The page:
In the ever-evolving landscape of cybersecurity, understanding the actors involved is crucial for effective threat detection and mitigation. Whether it is a malicious individual, a coordinated group, or even automated bots, these entities, often referred to as actors, play a significant role in determining the security posture of an organization. This article by Radware delves into the intricacies of such actors, particularly their identifiers (actor IDs) within API and web traffic, and how anomalies in these IDs can be instrumental in detecting Account Takeover (ATO) attacks.

Understanding Actors in Cybersecurity

Actors in cybersecurity refer to entities that interact with systems, networks, or applications, with varying intentions ranging from benign to malicious. They can include individual hackers, organized cybercriminal groups, insiders with malicious intent, or even legitimate users inadvertently engaging in risky behavior. Understanding the motivations, methods, and characteristics of these actors is fundamental in developing effective security strategies.

Actor IDs in API and Web Traffic

Actor IDs serve as unique identifiers associated with entities interacting with systems or applications. In the context of API and web traffic, these IDs manifest in various forms depending on the authentication mechanisms and protocols utilized. Examples of actor IDs include:

API Keys: In API interactions, actors often authenticate themselves using API keys. These keys uniquely identify the entity accessing the API and are typically embedded within requests, for example:
http://api.myorg.org/data/2.5/search?q=value1&APPID=API_KEY

User Sessions: In web traffic, user sessions are commonly used to track and identify actors. Session IDs or tokens are generated upon authentication and persist throughout the user’s interaction with the application, for example:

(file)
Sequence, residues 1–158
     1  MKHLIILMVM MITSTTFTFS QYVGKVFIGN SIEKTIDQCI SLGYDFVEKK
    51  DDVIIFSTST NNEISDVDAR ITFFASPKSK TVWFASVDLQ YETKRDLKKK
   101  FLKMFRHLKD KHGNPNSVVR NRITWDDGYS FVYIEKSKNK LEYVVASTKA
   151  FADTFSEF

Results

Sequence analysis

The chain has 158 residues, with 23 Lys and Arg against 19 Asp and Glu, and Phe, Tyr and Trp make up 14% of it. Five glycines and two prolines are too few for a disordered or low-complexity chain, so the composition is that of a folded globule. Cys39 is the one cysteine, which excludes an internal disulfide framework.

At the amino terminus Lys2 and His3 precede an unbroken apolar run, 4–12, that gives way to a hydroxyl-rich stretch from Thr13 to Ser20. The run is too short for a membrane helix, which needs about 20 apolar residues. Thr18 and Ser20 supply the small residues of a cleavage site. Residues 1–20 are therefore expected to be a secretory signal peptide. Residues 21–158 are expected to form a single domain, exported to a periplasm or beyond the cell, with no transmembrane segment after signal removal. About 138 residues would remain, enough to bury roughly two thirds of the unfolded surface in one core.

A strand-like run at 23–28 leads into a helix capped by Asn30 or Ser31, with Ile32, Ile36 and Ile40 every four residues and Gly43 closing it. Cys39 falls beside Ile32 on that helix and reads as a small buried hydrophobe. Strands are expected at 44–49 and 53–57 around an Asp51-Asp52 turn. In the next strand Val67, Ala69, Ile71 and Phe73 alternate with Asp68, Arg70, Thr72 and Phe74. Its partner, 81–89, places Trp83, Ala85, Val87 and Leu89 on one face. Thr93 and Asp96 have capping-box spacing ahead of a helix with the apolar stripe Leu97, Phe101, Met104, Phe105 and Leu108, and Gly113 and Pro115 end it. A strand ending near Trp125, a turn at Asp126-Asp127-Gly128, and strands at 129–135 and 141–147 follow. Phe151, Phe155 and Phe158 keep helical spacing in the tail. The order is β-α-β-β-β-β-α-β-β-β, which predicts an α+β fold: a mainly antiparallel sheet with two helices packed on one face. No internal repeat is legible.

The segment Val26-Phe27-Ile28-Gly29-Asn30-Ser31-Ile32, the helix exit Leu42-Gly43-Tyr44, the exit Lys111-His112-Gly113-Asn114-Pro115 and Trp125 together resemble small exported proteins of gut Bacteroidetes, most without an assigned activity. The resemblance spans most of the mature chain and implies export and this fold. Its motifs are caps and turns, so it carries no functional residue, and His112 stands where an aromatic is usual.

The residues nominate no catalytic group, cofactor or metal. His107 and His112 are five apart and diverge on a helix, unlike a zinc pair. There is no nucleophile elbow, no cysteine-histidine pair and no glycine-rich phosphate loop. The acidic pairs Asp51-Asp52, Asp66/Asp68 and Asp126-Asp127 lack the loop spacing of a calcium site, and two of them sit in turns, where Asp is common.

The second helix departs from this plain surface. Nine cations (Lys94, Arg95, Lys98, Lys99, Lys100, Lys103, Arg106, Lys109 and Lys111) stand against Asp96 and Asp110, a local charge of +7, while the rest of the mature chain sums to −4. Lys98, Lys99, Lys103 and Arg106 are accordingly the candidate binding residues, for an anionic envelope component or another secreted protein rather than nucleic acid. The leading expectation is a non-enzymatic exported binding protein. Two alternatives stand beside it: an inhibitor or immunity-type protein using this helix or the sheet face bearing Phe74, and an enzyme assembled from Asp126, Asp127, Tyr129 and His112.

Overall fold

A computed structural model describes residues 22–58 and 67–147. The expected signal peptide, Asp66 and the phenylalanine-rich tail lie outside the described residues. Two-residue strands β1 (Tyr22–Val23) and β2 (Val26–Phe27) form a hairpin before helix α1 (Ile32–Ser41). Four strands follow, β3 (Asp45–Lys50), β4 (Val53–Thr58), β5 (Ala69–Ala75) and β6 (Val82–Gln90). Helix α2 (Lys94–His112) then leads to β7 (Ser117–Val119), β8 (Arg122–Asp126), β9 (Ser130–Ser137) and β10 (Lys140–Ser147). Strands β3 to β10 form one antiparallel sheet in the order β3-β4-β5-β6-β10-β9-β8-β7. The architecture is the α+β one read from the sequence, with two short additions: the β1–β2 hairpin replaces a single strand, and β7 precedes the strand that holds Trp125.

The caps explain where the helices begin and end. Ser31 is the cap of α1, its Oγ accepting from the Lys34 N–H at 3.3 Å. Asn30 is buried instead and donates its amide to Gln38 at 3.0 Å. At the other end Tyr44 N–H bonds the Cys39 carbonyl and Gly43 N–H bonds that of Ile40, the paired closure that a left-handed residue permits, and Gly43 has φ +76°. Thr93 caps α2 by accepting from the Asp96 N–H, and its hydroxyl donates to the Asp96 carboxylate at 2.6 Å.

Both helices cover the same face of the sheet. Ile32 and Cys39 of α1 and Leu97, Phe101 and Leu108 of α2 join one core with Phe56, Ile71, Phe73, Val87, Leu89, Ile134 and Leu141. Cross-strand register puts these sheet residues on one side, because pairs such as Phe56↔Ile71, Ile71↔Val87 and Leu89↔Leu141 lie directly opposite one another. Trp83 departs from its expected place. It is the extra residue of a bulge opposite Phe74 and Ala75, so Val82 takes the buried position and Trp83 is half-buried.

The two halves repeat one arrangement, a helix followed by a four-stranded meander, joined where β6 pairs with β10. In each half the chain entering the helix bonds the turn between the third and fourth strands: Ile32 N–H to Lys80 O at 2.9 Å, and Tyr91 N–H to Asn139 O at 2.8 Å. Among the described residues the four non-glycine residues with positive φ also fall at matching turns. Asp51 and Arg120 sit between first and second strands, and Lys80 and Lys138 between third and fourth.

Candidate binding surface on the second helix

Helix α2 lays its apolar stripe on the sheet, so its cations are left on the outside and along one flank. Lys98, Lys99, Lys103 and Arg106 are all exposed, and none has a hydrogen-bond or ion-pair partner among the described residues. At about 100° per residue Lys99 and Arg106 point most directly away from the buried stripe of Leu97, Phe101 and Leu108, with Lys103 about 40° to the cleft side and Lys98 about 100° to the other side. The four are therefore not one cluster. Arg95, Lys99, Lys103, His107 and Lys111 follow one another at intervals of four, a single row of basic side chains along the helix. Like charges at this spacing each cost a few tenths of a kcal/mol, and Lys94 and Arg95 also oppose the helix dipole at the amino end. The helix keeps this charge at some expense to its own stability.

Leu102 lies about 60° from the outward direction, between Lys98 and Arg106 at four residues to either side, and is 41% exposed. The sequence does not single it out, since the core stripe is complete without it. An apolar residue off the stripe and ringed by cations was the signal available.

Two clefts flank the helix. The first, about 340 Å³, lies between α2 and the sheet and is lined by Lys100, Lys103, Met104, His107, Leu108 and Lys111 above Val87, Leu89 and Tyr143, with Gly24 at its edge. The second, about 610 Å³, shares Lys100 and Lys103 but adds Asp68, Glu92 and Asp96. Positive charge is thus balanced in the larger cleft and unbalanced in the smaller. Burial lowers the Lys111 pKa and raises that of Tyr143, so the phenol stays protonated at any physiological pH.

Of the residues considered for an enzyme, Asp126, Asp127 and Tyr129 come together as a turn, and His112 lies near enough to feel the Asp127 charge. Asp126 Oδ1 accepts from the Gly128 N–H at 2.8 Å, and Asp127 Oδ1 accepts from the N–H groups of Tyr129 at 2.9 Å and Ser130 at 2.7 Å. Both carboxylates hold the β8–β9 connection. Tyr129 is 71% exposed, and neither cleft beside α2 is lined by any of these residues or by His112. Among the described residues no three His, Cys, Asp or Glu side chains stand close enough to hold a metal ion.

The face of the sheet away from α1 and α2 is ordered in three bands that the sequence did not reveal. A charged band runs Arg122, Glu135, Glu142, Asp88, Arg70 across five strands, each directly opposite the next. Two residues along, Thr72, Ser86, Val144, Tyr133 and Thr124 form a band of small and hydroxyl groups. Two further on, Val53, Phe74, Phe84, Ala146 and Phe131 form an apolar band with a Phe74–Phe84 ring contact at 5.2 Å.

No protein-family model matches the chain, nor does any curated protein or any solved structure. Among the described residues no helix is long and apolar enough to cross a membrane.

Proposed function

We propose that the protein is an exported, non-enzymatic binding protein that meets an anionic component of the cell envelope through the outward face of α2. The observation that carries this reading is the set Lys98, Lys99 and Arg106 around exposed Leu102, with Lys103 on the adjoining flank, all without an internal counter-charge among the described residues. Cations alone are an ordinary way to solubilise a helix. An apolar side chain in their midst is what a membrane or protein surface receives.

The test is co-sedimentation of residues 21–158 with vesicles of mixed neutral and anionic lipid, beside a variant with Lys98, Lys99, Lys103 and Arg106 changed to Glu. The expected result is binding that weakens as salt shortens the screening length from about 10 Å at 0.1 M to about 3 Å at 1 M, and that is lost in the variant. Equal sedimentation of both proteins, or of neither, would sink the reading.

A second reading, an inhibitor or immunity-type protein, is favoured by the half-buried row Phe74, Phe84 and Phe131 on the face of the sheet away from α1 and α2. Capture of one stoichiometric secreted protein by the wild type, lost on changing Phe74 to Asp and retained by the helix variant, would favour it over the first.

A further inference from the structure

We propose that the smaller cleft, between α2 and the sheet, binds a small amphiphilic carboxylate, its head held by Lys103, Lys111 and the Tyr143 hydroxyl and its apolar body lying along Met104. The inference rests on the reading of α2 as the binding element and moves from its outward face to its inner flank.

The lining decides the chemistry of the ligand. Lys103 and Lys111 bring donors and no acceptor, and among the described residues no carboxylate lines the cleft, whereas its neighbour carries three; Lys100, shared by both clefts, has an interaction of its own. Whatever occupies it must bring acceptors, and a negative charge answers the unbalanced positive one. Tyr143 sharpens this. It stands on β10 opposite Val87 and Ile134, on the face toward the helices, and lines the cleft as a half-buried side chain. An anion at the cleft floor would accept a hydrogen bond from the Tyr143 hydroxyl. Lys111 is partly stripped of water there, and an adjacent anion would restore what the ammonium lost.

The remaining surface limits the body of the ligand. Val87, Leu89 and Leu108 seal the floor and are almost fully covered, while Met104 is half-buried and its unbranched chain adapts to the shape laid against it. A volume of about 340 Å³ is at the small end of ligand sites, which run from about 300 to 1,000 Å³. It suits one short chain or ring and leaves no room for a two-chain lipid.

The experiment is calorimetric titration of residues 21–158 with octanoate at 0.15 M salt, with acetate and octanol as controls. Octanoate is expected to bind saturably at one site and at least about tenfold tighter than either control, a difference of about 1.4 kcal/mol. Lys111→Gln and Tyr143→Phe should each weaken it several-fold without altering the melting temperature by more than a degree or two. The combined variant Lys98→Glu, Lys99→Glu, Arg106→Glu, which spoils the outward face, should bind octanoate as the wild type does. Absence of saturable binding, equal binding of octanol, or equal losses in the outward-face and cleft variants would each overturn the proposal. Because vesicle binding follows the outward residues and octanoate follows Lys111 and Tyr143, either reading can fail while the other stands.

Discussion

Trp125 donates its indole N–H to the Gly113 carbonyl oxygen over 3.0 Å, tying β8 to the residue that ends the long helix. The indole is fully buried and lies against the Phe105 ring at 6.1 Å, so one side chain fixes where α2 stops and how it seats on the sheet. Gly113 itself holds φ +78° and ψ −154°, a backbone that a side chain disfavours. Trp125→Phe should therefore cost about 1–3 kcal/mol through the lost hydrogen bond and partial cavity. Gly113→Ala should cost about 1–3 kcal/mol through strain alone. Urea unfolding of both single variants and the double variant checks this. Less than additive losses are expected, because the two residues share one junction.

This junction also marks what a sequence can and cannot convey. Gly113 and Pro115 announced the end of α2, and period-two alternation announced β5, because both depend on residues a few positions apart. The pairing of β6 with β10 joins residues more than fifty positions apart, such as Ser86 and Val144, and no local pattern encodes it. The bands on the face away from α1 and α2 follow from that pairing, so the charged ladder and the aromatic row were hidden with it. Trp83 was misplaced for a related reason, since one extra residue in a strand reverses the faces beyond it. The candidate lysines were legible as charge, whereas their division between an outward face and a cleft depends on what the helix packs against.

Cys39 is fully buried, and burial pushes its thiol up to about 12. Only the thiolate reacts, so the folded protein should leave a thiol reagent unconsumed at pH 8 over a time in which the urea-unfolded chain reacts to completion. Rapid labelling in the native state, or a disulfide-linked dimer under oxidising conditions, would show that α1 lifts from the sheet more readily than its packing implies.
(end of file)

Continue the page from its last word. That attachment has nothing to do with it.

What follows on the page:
Cookie: session_id=<SESSION_ID> user_id=1234

User Agents: User agents present in HTTP headers provide information about the client making the request, including the device type, browser, and operating system. While not direct actor IDs, user agents can aid in identifying suspicious activity, for example: User-Agent: Mozilla/5.0 (Windows NT 10.0; Win64; x64) AppleWebKit/537.36 (KHTML, like Gecko) Chrome/96.0.4664.110 Safari/537.36

Understanding Actor Anomalies

Actor Anomalies represent a paradigm shift in cybersecurity, focusing on identifying abnormal behaviors exhibited by specific entities or actors within a system. These actors are uniquely identified by various parameters such as source IP addresses and JSON Web Tokens (JWTs). By monitoring and analyzing the behavior associated with these identifiers, security systems can detect deviations from expected patterns, signaling potential security risks.

Identifying Abnormal Behavior

Imagine a scenario where an attacker attempts to exploit vulnerabilities using stolen credentials. With Actor Anomalies, abnormal behavior such as using the same JWT from multiple IPs within a short time frame can be flagged as suspicious. This real-time monitoring and analysis enable organizations to detect and mitigate threats before they escalate, enhancing overall cybersecurity posture.

After we understand what actors and actor anomalies are, let us dive into one of the most common attack vectors: Account Takeover (ATO), and explain how actors and actor anomalies help to detect and mitigate this attack.

Detecting ATO Attacks

Account Takeover (ATO) attacks involve unauthorized access to user accounts, often resulting from stolen credentials or exploitation of vulnerabilities. Understanding the techniques employed in ATO attacks is crucial for effective detection and mitigation. Here’s an example of how an ATO attack might developed:

Credential Stuffing: The attacker utilizes lists of stolen credentials obtained from previous data breaches and systematically tries them on various accounts across different platforms, exploiting users’ tendencies to reuse passwords.

Brute Force Attacks: Using automated tools, the attacker launches brute force attacks, systematically attempting different username and password combinations until a valid one is found.